Nairobi’s five most dangerous roads for riders

Tuesday, March 12th, 2024 04:15 | By
Motorists drive past a scene of accident involving a boda boda.
Motorists drive past a scene of accident involving a boda boda. PHOTO/Print

Five key roads in Nairobi have been identified as highways of death.

Thika Super Highway, Mombasa, Kangundo, Outer Ring and Jogoo roads have been dubbed Kenya’s most dangerous roads for motorcyclists and their passengers.

A report dubbed “Fare Price; An Investigation into the health costs of motorcycle taxi crashes in Kenya” released yesterday said the five roads collectively accounted for 9,996 accidents involving boda bodas and their passengers between May 2022 and October last year.

Out of these, 2,384 boda boda riders and their passengers lost their lives while another 5,581 suffered serious injuries. Another 2,031 escaped with minor injuries, states the report compiled by the National Helmet Wearing Coalition alongside the Motorcycle Initiative, Transaid and UK-based FiA Foundation.

The report indicates that the period between July and December 2022 recorded over 120 fatalities, majority of them the boda boda riders as opposed to their pillons.

 This was mainly attributed to the failure to wear helmets on the part of both the riders and their passengers.

The report sought to investigate the health costs of boda boda crashes and also to understand helmet usage levels amongst operators and pillion passengers.

During the period, 249 victims sustained head injuries with each spending close to Sh3 million on treatment according to data obtained from hospitals while those who sustained limb injuries were 149 with each spending close to Sh1.6 million.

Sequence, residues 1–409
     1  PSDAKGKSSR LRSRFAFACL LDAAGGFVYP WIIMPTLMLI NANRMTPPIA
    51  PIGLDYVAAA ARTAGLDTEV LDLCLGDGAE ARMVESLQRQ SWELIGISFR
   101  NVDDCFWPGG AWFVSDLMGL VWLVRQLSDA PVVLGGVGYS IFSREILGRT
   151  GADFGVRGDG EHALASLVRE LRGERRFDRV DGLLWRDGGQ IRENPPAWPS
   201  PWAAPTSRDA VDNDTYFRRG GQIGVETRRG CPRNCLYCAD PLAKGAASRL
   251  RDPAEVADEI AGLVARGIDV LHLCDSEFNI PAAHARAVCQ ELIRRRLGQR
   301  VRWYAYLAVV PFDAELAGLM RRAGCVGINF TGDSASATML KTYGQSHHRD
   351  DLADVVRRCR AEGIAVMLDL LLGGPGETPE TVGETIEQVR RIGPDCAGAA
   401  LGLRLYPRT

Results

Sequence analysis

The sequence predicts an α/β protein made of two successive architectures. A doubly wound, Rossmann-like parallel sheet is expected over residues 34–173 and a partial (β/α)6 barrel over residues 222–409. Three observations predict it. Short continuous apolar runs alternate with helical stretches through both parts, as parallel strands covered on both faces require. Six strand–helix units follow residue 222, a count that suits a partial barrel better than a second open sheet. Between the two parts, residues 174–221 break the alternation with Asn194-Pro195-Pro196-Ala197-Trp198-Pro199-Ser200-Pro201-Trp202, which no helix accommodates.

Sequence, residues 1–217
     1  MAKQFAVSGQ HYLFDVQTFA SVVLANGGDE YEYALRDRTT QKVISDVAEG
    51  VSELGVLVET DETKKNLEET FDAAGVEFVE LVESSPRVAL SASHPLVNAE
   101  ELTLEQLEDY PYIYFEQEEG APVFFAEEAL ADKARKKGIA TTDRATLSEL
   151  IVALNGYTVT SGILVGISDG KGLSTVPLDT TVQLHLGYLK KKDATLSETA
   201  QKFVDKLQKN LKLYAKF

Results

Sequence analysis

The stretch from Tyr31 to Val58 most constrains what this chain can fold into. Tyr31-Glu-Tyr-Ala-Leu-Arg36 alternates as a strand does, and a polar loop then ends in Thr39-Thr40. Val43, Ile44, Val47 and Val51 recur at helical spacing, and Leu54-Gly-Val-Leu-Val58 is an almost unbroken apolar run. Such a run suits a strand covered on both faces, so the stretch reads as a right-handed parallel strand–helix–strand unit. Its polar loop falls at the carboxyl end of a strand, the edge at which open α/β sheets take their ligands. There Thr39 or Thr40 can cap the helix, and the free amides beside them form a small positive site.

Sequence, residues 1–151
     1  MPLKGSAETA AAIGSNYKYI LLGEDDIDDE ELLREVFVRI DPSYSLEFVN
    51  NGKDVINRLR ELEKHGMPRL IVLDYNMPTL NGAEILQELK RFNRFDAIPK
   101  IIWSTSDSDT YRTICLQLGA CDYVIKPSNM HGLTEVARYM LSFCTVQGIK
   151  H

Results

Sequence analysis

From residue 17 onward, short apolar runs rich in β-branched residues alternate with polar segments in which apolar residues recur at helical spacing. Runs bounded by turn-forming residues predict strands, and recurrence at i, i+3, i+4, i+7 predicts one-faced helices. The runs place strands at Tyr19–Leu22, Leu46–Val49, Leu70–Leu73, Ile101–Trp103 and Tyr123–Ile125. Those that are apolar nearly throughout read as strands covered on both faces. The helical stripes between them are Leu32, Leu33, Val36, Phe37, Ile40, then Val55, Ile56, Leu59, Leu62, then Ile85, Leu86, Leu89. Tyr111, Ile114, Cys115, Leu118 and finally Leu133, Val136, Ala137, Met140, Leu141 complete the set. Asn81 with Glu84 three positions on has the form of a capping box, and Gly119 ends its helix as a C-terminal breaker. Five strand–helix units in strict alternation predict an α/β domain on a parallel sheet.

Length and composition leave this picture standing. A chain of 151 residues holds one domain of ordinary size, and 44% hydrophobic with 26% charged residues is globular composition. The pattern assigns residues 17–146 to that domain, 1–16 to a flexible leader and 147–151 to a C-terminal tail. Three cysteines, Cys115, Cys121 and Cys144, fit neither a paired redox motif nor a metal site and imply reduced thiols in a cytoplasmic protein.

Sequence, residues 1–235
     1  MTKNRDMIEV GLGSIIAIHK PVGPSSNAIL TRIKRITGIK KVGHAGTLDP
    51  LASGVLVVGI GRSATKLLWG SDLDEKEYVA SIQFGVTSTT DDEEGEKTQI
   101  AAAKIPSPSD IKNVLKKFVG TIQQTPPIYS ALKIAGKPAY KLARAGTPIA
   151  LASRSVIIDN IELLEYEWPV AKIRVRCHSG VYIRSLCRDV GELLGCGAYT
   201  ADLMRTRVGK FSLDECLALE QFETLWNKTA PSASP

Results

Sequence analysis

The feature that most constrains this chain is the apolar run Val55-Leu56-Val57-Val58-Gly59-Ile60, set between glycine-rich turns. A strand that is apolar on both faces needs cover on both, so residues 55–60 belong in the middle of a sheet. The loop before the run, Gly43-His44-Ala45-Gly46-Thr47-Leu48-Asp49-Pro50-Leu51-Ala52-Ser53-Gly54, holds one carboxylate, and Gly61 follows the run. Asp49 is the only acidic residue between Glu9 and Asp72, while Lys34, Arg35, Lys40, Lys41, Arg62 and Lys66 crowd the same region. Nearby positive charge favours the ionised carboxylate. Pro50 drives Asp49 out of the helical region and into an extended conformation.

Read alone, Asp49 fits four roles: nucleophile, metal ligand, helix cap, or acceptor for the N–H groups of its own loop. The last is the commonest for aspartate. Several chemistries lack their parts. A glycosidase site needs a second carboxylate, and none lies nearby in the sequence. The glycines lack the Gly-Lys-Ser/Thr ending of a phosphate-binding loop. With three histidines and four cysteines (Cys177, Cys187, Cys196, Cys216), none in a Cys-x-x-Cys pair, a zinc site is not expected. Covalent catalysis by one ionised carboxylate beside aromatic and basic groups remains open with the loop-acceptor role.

Survivors with multiple injuries were 128 with each spending upto Sh1 million on medical expenses.

Twenty five of the victims sustained abdominal injuries with each spending Sh320,740 on medical costs while, seven suffered thoracic injury, each of them spending Sh109,475 on hospital bills.

“Ninety-one per cent of patients were male, with an average age of 31 years old. Similarly, the average age of female patients was also 31 years. As expected, the majority of victims were in the lower age brackets for both women and men, 68 per cent of women and 75 per cent of men being 35 years or under; this mode of transport is considered to be more accessible to young people, both operators and passengers,” the report states.

The study called on law enforcement agencies to act in ensuring riders adhere to traffic rules. Equally, it urged society to change its attitudes towards the wearing of the protective gear.

“Enforcement is a recurrent influencing factor regarding whether or not a motorcycle user decides to wear a helmet, indicating that more vigorous enforcement would lead to an increase in helmet prevalence.”

“Boda boda riders are more often fined for not being able to provide licences or proof of insurance rather than for not wearing a helmet. Helmet usage among pillion passengers was significantly lower than among operators with only 15% of the 1,385 passengers observed wearing a helmet while on a motorcycle,” the report read in part.

Stronger enforcement

It stated that Boda boda saccos represent a solution to stronger enforcement through self-regulating their member riders, as long as they receive the support they need from the National Transport and Safety Authority (NTSA).